Wednesday, July 30, 2008

A Look Back At "Pavilions at" Buckland Hills

One of our readers, Joseph Rifkin, sent me an email with a few attached images one of Connecticut's newer shopping malls: Buckland Hills. Curious about the history of the nearing 20 year old mall, he brought light to some "vintage" images that certainly bring back some memories of a mall I frequented aplenty.


"The Pavilions at Buckland Hills" as it was originally known by opened in March 1990, and has since renamed to "The Shoppes at Buckland Hills" following an extensive decorative renovation shortly after the mall's tenth year, largely in retaliation to a fledgling outdoor center (who stuffs more fluff words than usual to boost its cache) built on the South Windsor line which later threatened its precurosy to a "faux-main streetscape" trend in the neo-mall landscape to which it later joined in image with a post-millennial remodel.



Many might not know the full history of what's now one the dominant aerial malls that has been tagged for its crippling and devastating of many surrounding centers including one rotting away ghost town plaza on the other end of town, East Brook Mall in Willimantic, Enfield Square in Enfield and even Auburn Mall in Auburn, Mass. right up on I-90, and shortly over the Connecticut line (sorry, I blame the awful I-90 access and annoying Pike tolls to skim the surface of this mall's troubles).

After the development and opening of Crystal Mall in Waterford in 1984, one year later talk rose of another mammoth mall project and pseudonymed "Winchester Mall", proposed on the (South) Windsor and Manchester lines, on a plot of endless farm land on the outskirts of the towns. The folks turned it down, holding it up for years, until it was given the green light in the late 80's. At this time, the closest thing to what was soon to become a new mall was the Caldor-anchored "Burr Corner" plaza, constructed in the mid-1960's, polar to the once thriving outdoor Manchester Parkade near the center of town.

By the early 90's, The two-level Winchester Mall project bloomed (no, exploded) into The Pavillions at Buckland Hills.

How the fates have turned -- in just ten years the "Buckland Hills", comprable to farmland as far as the eye can see has become what's known as the explosion of Americana emporimania, squashing the town's slogan "A City of Village Charm". Soon after the advent of the two-level toppler to the surrounding malls, plaza after plaza popped up around it, including the big blue monster Walmart, who sprung up with its first, albeit humbly-sized Connecticut location in 1993 (which is coincidentally slated to close up soon and move down the street for, you guessed it, a larger complex).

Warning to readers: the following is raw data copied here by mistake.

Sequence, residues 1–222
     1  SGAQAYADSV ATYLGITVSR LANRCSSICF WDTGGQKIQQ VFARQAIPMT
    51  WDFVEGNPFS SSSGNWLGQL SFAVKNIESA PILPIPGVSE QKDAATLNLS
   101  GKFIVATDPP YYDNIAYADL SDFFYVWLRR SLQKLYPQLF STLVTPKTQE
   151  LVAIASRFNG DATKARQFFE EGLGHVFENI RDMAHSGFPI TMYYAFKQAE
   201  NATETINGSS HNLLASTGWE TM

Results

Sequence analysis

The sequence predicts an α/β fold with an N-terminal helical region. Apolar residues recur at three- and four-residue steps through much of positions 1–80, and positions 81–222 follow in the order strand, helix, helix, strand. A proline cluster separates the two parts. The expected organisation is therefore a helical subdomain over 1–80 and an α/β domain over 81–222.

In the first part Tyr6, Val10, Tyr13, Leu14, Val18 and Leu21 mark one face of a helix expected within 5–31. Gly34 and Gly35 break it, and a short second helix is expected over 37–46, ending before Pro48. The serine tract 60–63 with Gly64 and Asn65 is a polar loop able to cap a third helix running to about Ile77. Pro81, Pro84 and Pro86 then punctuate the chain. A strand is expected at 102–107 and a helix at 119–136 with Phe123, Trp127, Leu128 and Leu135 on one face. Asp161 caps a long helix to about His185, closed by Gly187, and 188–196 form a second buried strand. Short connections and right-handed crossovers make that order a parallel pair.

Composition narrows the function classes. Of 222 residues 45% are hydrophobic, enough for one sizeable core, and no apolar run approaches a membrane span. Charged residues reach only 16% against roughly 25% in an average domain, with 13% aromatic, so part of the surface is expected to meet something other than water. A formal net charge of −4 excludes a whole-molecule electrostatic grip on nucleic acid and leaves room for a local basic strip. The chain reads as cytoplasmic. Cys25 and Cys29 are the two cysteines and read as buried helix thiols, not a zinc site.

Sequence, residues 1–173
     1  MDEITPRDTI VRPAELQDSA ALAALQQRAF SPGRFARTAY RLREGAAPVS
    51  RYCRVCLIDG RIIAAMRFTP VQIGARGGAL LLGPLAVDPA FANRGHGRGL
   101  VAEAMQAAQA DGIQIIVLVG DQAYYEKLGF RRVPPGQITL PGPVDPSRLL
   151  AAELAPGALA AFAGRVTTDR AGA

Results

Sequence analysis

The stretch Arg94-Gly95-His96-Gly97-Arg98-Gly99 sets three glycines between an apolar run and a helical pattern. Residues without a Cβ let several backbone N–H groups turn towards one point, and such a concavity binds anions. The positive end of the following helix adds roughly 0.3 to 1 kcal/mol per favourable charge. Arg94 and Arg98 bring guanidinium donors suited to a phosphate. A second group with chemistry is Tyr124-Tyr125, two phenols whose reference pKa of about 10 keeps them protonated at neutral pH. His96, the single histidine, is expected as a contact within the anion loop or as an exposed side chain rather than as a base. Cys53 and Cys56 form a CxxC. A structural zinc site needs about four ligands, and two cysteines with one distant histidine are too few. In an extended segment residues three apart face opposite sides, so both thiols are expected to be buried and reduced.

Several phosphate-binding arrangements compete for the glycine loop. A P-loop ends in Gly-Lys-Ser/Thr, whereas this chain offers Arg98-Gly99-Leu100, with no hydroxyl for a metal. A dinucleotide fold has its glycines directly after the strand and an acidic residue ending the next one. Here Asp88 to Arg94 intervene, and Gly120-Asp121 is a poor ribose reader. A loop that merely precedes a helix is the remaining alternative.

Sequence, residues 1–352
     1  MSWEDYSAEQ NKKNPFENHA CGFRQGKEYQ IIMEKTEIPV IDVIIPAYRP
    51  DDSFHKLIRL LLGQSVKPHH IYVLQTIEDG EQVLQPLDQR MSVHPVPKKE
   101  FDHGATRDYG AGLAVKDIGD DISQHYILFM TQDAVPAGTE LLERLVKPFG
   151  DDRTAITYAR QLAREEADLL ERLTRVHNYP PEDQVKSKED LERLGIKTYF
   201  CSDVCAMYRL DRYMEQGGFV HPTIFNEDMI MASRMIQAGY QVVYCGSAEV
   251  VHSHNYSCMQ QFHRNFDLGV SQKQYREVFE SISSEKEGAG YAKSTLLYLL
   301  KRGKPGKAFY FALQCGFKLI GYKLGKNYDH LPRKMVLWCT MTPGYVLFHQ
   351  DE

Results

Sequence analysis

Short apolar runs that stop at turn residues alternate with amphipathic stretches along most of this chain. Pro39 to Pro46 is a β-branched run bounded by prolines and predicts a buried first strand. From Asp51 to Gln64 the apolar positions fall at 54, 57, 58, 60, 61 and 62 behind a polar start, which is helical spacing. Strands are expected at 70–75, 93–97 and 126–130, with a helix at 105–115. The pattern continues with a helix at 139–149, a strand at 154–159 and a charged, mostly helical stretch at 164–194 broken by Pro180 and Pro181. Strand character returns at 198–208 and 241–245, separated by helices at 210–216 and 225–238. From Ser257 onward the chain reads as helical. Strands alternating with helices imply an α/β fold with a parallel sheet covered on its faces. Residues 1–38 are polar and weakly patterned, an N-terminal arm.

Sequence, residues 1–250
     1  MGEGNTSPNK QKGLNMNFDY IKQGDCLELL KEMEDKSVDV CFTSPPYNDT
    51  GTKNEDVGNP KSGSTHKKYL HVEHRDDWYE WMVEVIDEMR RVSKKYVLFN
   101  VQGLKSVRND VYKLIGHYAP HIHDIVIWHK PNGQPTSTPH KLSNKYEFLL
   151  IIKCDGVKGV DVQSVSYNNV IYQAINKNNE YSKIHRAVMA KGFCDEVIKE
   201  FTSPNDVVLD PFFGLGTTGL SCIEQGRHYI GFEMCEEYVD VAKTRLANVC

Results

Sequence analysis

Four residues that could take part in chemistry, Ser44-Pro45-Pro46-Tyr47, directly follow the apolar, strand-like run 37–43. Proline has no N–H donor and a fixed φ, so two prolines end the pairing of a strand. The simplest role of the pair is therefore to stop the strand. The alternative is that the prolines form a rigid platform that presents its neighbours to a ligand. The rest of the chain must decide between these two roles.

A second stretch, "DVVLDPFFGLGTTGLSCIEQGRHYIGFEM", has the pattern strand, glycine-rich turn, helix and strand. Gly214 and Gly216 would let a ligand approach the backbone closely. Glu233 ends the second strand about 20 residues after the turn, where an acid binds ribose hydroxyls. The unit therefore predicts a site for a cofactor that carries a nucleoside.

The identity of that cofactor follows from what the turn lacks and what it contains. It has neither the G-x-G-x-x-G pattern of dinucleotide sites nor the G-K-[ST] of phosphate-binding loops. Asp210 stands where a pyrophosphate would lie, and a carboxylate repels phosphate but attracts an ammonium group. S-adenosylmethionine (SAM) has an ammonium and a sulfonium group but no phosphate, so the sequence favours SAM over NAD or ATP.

While I still frequent Buckland Hills today, I've watched it grow and change throughout the years and it doesn't share the same zeal as it did back then despite it being more grandiose than ever. Anchors including G. Fox eventually became Filene's a few short years later (then Macy's), and SEARS and JCPenney are still there (exteriorly unchanged, of course). Steiger's, D&L are but memories while Dick's Sporting Goods opened one of its premiere outlets at Buckland, additionally was one of the first to have remodeled drastically from an original wood-floor clad, cramped albeit two-level interior.

The overall temperature of the mall was ho-hum darker shades of blue and monochromes, often attracted unsavory crowds at night (got a few stories to back that up), but the offerings were different from what Westfarms had.

'The Pavilions' couldn't capture a 90's mall any better than it did.

Today's upscale image has done it over well cosmetically, and has taken a sharp turn from what it once was especially in its later years adopting a rattier image. In spite of its original design provincialism, Buckland Hills was considerably the fun mall compared to Westfarms.

Distinctively, its developers made it top of the line for a 90's trendy center: a food court, alien to many malls around this time with all the quick-bite junk food trimmings like Panda Express, McDonalds, Taco Bell, Sbarro, and more mid-range stores instead of Westfarms somewhat highbrow offerings. Time-Out videogame arcade couped up in the rear of the food court, which centered itself around my childhood experiences here especially with it being a selling point for my mom dragging me here originally.

Buckland Hills, the more community-based mall on steroids, had its charm and challenged shoppers to all new destination.

Today the arcade, Panda Express and Sbarro "wall" have gone the way of the dodo, completely demolished for a carousel, the food court has been rearranged (Burger King took over McDonald's space) but still has an exorbitant amount of unused seating, and the decor has gone much classier. Some of the offerings have dipped into the "discount" and ordinary realms, gaps are evident from fallen retailers which thrived into the 1990's -- KB Toys having closed up last year, Suncoast now taken over by the always exciting indie Cambridge, Mass.-based Newbury Comics and its first Connecticut shop, and a furniture store operating out of a years departed Sam Goody and recently a hole left by The Disney Store -- whose been with the mall since the very beginning no more.